Using templates in report design can be an excellent way to save time and ensure a consistent, professional look across multiple reports. Beautiful templates can also make the design of the report more engaging and visually appealing. You can find a lot of beautifully designed report templates online for you to use. Though, wouldn’t it be nice if you can reuse these report templates when you have new data?

With the Datylon for Illustrator plug-in, designers can create data-rich report templates without creative limitations. These templates can then be uploaded to the online Datylon Report Studio, where users can make a new report with just one click by importing data from a file or linking to an online data source. By using templates this way, designers can focus on creating impactful content and let the tool handle the formatting, resulting in reports that are both visually stunning and informative.

Even more effortless is using the Datylon Report Server. With the Datylon Report Server it is possible to automate the production of your periodic and personalized reports or to embed reporting into your own application.

Include a beautiful front page and (visual) summary

Beautiful front page

Creating a beautiful front page for a report can have numerous benefits. The front page is the first thing that the reader sees, and as such, it should be visually appealing and reflective of the overall content of the report. By creating a beautiful front page, designers can draw the reader in and encourage them to read on.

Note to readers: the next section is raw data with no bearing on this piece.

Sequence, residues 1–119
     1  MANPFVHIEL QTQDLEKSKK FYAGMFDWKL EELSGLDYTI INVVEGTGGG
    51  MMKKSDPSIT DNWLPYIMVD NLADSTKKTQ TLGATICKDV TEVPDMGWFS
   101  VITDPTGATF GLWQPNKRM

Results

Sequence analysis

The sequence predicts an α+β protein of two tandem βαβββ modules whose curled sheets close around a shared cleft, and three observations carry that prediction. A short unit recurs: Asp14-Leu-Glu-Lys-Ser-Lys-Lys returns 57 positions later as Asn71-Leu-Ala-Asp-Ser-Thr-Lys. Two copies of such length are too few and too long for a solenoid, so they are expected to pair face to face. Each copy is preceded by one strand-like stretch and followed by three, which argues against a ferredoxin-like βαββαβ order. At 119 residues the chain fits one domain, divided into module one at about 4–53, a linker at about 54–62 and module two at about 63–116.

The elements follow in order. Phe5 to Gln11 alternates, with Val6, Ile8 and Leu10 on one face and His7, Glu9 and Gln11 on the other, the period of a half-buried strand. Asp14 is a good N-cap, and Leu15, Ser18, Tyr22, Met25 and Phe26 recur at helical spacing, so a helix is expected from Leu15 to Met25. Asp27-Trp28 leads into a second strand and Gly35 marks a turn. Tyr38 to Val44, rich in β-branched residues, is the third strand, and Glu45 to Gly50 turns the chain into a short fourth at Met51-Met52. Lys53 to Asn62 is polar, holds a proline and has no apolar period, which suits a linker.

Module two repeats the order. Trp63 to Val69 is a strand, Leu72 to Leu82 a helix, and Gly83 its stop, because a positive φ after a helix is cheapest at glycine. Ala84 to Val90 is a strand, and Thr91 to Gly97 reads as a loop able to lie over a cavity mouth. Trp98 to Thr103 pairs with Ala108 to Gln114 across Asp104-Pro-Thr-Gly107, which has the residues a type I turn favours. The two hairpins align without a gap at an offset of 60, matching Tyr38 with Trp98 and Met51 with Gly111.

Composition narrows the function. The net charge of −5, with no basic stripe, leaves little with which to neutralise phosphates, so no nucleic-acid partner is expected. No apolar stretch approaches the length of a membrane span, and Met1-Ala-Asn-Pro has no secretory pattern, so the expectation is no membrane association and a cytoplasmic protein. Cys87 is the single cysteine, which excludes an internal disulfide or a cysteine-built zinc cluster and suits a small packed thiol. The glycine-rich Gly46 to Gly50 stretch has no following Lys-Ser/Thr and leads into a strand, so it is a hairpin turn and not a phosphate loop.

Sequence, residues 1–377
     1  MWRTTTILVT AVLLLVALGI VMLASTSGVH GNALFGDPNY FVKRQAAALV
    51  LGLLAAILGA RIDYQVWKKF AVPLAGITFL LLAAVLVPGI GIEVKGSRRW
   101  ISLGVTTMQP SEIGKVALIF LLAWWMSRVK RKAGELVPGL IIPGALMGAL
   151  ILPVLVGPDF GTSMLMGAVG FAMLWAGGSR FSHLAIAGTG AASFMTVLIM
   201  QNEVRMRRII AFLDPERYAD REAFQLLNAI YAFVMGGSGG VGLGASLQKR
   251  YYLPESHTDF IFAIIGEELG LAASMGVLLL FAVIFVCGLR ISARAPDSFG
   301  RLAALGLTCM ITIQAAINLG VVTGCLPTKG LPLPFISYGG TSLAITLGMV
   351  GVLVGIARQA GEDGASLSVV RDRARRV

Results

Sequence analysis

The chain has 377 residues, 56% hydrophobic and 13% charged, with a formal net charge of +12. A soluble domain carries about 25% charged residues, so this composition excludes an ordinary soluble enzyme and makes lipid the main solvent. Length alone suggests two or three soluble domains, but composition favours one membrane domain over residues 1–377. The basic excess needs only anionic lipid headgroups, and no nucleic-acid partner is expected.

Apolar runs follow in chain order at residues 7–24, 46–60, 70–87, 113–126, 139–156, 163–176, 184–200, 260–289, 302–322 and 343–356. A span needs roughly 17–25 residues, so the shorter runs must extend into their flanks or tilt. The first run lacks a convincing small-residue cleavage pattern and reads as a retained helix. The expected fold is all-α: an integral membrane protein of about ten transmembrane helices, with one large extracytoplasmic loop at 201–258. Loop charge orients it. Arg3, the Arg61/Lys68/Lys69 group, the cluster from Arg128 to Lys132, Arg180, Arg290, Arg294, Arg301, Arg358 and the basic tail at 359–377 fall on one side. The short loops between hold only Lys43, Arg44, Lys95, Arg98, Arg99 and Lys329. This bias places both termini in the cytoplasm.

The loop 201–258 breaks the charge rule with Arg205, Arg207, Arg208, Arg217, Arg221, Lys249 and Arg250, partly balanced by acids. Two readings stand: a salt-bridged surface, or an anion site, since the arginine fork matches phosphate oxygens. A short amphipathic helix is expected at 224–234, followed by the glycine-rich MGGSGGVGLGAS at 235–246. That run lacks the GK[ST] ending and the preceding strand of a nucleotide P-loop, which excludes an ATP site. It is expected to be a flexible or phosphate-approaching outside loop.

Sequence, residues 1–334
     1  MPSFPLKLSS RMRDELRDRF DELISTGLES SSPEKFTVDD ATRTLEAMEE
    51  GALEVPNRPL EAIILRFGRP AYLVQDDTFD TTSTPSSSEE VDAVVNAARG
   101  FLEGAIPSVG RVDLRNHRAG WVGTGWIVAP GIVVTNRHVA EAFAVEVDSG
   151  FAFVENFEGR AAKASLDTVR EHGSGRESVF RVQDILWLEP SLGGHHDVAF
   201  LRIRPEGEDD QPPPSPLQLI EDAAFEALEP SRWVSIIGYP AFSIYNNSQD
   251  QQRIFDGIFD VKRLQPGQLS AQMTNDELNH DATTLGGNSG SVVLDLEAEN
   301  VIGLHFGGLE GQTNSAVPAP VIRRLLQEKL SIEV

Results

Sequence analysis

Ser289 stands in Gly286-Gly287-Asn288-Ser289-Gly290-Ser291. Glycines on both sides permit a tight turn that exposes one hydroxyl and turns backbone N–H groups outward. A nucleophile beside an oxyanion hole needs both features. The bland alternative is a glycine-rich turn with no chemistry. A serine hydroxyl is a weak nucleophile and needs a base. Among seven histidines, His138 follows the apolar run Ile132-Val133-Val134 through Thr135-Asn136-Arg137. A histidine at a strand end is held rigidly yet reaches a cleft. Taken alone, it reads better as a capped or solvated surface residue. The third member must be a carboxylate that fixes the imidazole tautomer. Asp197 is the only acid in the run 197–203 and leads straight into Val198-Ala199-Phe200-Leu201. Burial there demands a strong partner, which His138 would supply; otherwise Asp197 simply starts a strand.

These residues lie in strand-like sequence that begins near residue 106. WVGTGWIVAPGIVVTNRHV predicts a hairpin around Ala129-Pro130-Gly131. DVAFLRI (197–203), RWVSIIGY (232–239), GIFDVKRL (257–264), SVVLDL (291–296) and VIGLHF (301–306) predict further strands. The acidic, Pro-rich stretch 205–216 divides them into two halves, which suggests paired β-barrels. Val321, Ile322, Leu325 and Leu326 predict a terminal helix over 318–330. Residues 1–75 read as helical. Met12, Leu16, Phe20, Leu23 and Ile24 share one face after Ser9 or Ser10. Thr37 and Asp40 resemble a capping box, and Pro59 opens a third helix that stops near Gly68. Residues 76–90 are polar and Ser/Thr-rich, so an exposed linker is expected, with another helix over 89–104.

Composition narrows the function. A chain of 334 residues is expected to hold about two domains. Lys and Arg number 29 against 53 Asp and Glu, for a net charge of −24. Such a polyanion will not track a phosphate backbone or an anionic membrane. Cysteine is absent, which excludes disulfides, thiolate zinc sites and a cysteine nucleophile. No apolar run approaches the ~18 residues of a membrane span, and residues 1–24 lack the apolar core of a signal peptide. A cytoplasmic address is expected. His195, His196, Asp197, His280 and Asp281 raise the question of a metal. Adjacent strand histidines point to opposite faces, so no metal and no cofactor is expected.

Additionally, a well-designed front page can help to establish the report’s tone and purpose, making it clear to the reader what they can expect to learn. Finally, a professional and visually pleasing front page can lend credibility to the report and the organization that produced it, building trust with the reader.

Overall, creating a beautiful front page is a simple yet effective way to make a great first impression and ensure that the reader is engaged and motivated to read on.

Beautiful cover of Africa Wealth Report 2022.

(Visual) summary

Including a summary in a report is essential to ensure that the reader fully understands the key takeaways and implications of the information presented. To make this summary more engaging and easier to digest, it can be helpful to use visuals, such as charts or graphs, to highlight the most important data points and trends. This can help the reader to quickly and easily understand the main message of the report. Additionally, using visual summaries can be an effective way to emphasize the significance of the information presented, making it more memorable and impactful.

Example of a visual summary, WWF Infographic summary of “The Economics of Climate Change Policy in the UK” by Paul Weston.




Datylon is a platform that helps you produce and share data-rich, beautiful & on-brand charts, reports, dashboards and other data stories. datylon.com